And when you consider that, like the Golden retriever’s we’ve talked about, Huskies are generally a very powerful and muscular breed, you have a loud combination of an attitude that wants to bark the night away and a body that can keep the howling up all night long to go with it.

A Husky’s problematic barking though can be solved with a lot of love, attention, and activities to keep the dog occupied, though it will not be an easy task.

Chihuahua

Chihuahua

For a loud dog on the smaller side of the pendulum of pooches, we have the Chihuahua, famously, and in some circles, as the king of the small, loud dog breeds.

Originally coming from the Chihuahua region of Mexico, hence the name, a properly trained and looked after Chihuahua is an absolute delight to have as part of the household. A pocket-sized pooch that loves to be around friends, family, and other dogs.

However, possibly because of how they are treated because of their small size, Chihuahua has a reputation of being one of the loudest, most repetitive, and most annoying breeds of dog out there.

The fact that many purebred chihuahuas have health problems, being particularly susceptible to several neurological problems that can lead to many issues like deafness, increased pressure in the brain cavity, and a damaged nervous system means that many of them are very temperamental.

Only adding to their reputation as a loud and aggressive breed of a small kind of dog.

It’s for these reasons, and more, that Chihuahuas are one of the most common pure breeds of dog that you will find at dog shelters. Which is a shame, given how intelligent and sociable they can be.

Corgi

Pembroke Welsh Corgi

One of the most popular breeds that are currently sweeping the United States by storm, Corgies are actually descended from the German Spitz family of dog breeds.

There are two different breeds of Corgis, the Pembroke Welsh, made famous by Queen Elizabeth the 2nd’s extensive collection throughout the years, and the less popular Welsh Cardigan.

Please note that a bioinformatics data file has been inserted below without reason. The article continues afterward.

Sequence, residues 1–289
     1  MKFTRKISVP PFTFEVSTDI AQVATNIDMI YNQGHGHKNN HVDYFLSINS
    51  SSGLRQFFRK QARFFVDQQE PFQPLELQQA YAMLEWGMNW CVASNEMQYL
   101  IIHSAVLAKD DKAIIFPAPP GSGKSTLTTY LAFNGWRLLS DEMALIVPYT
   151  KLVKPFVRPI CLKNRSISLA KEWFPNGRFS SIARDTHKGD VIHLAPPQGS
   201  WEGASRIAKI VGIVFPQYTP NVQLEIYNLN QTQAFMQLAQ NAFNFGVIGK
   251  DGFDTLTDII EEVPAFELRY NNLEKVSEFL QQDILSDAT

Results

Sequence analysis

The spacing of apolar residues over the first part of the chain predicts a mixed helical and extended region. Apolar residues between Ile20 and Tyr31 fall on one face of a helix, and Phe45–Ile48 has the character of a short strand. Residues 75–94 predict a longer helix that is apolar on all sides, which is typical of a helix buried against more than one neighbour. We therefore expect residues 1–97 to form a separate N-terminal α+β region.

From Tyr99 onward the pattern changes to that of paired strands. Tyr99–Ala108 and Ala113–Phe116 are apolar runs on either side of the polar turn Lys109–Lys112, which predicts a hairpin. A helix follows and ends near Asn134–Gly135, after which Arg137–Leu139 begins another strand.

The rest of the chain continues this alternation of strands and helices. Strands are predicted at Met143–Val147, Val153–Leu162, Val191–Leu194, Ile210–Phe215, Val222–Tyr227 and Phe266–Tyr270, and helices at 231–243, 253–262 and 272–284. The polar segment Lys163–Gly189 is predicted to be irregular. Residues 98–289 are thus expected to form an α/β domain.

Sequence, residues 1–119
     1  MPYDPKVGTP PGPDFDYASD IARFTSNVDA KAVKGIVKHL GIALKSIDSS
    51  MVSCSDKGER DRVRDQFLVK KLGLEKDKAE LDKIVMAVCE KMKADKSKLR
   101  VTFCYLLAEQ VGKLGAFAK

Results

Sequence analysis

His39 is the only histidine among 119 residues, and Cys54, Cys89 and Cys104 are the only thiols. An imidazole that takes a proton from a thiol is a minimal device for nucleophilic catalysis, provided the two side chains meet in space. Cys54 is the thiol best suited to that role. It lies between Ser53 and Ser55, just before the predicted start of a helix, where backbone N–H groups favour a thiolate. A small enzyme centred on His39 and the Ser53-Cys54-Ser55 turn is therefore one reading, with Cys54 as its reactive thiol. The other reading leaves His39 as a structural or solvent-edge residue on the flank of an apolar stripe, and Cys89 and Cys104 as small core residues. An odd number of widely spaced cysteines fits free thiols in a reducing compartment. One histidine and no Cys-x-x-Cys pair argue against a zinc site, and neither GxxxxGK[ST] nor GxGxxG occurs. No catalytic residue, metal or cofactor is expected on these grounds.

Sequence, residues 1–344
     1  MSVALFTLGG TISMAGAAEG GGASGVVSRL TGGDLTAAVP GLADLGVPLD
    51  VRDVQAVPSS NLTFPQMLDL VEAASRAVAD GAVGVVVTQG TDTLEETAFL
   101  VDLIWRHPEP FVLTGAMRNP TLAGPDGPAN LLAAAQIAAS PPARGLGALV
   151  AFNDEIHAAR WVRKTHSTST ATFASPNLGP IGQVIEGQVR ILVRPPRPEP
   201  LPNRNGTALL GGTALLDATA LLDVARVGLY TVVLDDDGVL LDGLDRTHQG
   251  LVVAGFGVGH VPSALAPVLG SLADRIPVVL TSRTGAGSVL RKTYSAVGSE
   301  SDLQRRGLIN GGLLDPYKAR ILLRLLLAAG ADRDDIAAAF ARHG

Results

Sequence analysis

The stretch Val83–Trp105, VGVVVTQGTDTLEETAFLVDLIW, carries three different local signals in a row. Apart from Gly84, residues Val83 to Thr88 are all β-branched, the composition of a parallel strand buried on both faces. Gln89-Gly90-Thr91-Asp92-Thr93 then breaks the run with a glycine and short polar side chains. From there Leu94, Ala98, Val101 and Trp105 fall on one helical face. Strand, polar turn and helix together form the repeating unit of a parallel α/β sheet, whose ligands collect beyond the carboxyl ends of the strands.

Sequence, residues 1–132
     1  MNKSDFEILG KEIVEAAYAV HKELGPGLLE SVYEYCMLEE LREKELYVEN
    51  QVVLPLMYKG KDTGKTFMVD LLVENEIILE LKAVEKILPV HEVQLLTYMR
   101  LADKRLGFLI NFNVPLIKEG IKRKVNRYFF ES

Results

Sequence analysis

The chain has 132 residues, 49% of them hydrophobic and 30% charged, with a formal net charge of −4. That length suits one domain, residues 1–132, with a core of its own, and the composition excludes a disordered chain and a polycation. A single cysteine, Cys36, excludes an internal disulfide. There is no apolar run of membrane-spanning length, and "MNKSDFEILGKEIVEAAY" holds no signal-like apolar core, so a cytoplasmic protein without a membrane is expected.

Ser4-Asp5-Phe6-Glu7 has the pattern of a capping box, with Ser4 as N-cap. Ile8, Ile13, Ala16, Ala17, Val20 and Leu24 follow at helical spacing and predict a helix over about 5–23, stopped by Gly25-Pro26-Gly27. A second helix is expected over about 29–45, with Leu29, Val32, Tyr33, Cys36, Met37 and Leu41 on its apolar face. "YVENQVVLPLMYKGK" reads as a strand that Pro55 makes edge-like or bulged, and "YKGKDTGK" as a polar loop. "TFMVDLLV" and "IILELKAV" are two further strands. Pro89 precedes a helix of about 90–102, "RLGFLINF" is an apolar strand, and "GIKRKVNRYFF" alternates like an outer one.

Both breeds have been used as herding dogs for almost a thousand years, which might also come as a surprise to many who normally associate this breed with domestic life, both on the lead, and in our laps.

That herding ancestry also goes some way as to explaining why Corgis can be one of the most vocal kinds of dogs out there.

They often communicated with their shepherds, farmers, and owners through barking as well as having high enough intelligence to be able to herd with the best of the working dog breeds.

Intelligent dogs are typically quick to resort to barking, either, to occupy themselves, or to get the attention of their owners.
Still, a corgi with a lot of training, and a lot of attention, is an irreplaceable member of the family.

A lovable, miniature work dog that can fit in your lap. What’s not to love about it?

Rottweiler

Rottweiler

For a return to the bigger dogs that can make a ruckus, we turn to the Rottweiller which is probably one of the largest breeds of dogs on this list.

Originally used as working for dogs for herding livestock and pulling butcher’s carts, Rottweiler’s have found themselves in a ton of other roles over the years, from search and rescue dogs to being posted as guards for both law enforcement’s and criminal organizations alike.

As you can imagine, being able to alert people to an intruder, being able to notify a search and rescue team, or even just communicating with a farmer and their herd, all might benefit from having a particularly large, and especially loud dog.

Their large size, coupled with a heavy build and very loud bark, have ended up painting a very intimidating picture of these pooches, and are sometimes bought and trained for that reason, to intimidate and frighten others.